I entered Ironman 70.3 Victoria due it being the only local 70.3, however, the timing was far from ideal. It had only been 3 weeks since the Ironman World Championships in Utah and the real question would be had I recovered? Normally I would pass on a race so close but there are so few middle/long distance events around Vancouver I didn’t have much choice.
Generally, I felt OK apart from my calves which were definitely still tight. Despite my concerns I was going to go after this race as I wanted a World Championships slot. I was also taking a mid season break (ish) after the race.
Lauren and I went over on Friday evening and met up with our friends Derek and Anna. The highlight of the Airbnb were the pet goats. They took a particular interest in Lauren and her carrots…
Lauren and I have also come to an agreement going forward to get over her boredom of triathlon. For every day’s holiday spent on triathlon there needs to be one spent not on triathlon! Seems fair and will encourage us to do fun things.
At this race there wasn’t much time for that though as Saturday was registration. On top of that there was a big Pacific Spirit Triathlon Club turnout (over 20 members racing) and as Director of Events I needed to be there to assist. My other duty was being interviewed by Ironman as next years race is the Tri Club Championships. From this I learnt I am not a natural in front of the camera!!
Saturday afternoon was spent in Victoria having lunch and walking around. I hadn’t been before, and it is a lovely place. Lauren did her undergrad here so on our route home took me on a tour of the coast and the super-duper nice houses.
As evening came my attention turned to the race. Back at the house I put my nutrition together an completed the final checks before an early start. The start gun was going off at 6am.
Derek and I drove down to the shuttles early to be ahead of the game. Normally I am full of praise for Ironman logistics, but this was a gong show. The busses couldn’t get to the car park because of cars trying to get in to park. They then also couldn’t get into the venue as had to turn left across the traffic. This race has been going on for years and I can’t believe they haven’t managed to resolve this yet.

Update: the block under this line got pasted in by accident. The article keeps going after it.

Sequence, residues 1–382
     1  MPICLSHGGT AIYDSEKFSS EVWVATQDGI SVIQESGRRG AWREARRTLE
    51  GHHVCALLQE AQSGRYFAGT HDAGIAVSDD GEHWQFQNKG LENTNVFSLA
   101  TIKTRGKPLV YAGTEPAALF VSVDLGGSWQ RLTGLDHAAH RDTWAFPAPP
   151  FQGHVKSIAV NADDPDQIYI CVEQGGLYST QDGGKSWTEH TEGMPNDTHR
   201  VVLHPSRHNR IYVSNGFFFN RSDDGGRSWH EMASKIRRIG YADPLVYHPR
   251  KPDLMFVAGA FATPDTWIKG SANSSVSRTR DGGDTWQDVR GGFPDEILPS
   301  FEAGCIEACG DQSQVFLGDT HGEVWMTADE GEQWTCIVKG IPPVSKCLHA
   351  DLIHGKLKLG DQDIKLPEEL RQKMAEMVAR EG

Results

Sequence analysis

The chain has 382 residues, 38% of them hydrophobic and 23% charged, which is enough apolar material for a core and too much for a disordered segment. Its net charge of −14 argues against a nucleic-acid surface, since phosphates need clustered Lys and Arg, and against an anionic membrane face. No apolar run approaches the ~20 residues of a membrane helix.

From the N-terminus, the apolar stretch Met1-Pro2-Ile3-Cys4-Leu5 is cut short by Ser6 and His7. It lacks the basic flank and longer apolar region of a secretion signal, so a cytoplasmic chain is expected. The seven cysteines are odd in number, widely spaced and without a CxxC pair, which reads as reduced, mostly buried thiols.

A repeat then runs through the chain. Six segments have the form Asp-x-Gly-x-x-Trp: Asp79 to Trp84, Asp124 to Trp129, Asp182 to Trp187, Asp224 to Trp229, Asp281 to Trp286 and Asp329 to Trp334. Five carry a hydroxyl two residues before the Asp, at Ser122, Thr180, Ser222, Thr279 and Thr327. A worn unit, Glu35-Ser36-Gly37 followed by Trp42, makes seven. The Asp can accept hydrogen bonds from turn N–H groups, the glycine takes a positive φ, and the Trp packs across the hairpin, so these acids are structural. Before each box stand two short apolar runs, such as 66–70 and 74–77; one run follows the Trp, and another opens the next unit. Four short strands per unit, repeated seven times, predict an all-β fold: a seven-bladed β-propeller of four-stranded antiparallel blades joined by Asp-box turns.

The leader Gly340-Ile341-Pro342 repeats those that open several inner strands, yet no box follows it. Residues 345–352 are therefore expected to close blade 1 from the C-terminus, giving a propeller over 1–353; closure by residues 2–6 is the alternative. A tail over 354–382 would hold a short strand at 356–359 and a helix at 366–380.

Regardless, we eventually arrived with a decent amount of time to prepare the bike, think ahead and even get a warmup swim in. I placed myself right at the front of the swim chute as I wanted to swim with the quickest swimmers possible. After the national anthem we were on our way…
I set off hard as usual. I had been concerned the water would be cold as Canada decided to skip spring this year, but it was the perfect temperature. Not cold on the face but cool enough I didn’t overheat. Apart from one moment where I got a little lost the first half went smoothly. I found a good rhythm and if someone overtook me, I made the effort to sit on their feet as long as I could.
On the return there was a woman just ahead of me which was perfect. She was a stronger swimmer, so I was being pushed to stay with her and being dragged along nicely.
She dragged me the whole way to transition. It felt like a good swim and later found out it was 31:01, the first time I have broken 32 minutes. All the hard work swimming is slowly paying off, but I really need to be sub-30!!
I collected my bike and exited transition. There was only one big decision for the day. Socks or no socks. I usually don’t wear socks but if it’s cold I do to prevent numb feet. I had gone no socks and within a minute I knew I had made a mistake; my feet were already going numb. Nothing I could do now but suck it up and get on with it.
I started overtaking people until about 10 minutes when a guy I passed came back past and said let’s work together on 5-10-minute efforts. This is allowed as long as you stay out of the 12m draft zone while following.
We ate up the km’s and moved up through the field. It was just us until 25km in when we started getting caught by some other riders. This is where things started to get complicated but good for me. The people catching were better riders than me but given the benefits of riding in a group they were unable to pull away.